Predicting success: Patterns of cortical activation and deactivation prior to response inhibition

Robert L. Hester, Kevin Murphy, John J. Foxe, Deirdre M. Foxe, Daniel C. Javitt, Hugh Garavan

Research output: Contribution to journalArticle

101 Scopus citations

Abstract

The present study investigated the relationships between attention and other preparatory processes prior to a response inhibition task and the processes involved in the inhibition itself. To achieve this, a mixed fMRI design was employed to identify the functional areas activated during both inhibition decision events and the block of trials following a visual cue introduced 2 to 7 sec prior (cue period). Preparing for successful performance produced increases in activation for both the cue period and the inhibition itself in the frontoparietal cortical network. Furthermore, preparation produced activation decreases in midline areas (insula and medial prefrontal) argued to be responsible for monitoring internal emotional states, and these cue period deactivations alone predicted subsequent success or failure. The results suggest that when cues are provided to signify the imminent requirement for behavioral control, successful performance results from a coordinated pattern of preparatory activation in task-relevant areas and deactivation of task-irrelevant ones.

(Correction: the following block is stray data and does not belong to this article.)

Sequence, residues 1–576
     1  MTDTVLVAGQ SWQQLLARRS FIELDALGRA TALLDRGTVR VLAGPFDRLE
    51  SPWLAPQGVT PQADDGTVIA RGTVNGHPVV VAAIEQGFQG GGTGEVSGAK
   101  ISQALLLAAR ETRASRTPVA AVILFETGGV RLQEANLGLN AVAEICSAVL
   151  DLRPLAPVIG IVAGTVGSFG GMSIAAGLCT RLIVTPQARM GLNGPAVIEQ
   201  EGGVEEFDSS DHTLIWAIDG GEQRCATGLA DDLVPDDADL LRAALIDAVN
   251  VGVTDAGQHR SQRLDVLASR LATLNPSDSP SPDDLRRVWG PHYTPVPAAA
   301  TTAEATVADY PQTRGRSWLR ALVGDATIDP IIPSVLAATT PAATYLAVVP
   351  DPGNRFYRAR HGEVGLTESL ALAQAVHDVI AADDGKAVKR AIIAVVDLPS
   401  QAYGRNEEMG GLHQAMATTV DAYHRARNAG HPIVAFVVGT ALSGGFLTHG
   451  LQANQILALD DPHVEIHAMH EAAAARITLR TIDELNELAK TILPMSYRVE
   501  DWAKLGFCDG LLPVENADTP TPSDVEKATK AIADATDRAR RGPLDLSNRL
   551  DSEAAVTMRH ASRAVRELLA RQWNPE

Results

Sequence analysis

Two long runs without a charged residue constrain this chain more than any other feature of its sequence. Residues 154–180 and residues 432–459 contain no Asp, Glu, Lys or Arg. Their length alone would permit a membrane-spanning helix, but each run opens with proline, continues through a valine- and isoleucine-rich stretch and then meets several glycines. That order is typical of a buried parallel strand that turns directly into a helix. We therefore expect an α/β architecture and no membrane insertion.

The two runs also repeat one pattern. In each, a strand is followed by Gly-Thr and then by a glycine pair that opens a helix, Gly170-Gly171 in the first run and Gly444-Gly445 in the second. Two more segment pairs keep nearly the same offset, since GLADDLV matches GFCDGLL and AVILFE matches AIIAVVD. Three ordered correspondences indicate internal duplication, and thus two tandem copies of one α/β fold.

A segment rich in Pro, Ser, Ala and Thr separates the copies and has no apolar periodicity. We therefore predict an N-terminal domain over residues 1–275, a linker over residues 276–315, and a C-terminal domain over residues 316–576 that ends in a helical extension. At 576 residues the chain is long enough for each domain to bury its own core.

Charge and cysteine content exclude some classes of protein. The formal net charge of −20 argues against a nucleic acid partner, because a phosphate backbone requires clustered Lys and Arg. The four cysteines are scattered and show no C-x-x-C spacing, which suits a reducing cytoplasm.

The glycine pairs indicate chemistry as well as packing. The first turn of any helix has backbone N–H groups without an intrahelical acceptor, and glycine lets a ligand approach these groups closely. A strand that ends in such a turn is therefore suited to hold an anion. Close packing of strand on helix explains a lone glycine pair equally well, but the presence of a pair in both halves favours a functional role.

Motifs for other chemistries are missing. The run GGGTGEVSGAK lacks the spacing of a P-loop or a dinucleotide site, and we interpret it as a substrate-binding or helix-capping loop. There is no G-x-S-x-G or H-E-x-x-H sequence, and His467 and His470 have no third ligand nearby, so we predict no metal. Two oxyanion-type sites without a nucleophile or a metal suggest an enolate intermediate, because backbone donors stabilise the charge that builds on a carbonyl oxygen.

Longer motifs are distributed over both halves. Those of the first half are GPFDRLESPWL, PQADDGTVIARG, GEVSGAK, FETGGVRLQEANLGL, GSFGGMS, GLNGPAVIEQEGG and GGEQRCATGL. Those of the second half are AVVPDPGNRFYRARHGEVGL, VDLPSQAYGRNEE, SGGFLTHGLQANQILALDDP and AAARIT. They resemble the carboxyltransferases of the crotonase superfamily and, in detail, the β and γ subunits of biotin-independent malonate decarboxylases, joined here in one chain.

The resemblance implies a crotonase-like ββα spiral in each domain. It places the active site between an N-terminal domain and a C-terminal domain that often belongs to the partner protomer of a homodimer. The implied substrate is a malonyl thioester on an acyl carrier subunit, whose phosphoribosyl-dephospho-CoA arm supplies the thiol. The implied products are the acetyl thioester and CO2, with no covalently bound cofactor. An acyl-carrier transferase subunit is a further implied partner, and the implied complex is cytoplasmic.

Original languageEnglish (US)
Pages (from-to)776-785
Number of pages10
JournalJournal of Cognitive Neuroscience
Volume16
Issue number5
DOIs
StatePublished - Jun 1 2004

    Fingerprint

ASJC Scopus subject areas

  • Cognitive Neuroscience

Cite this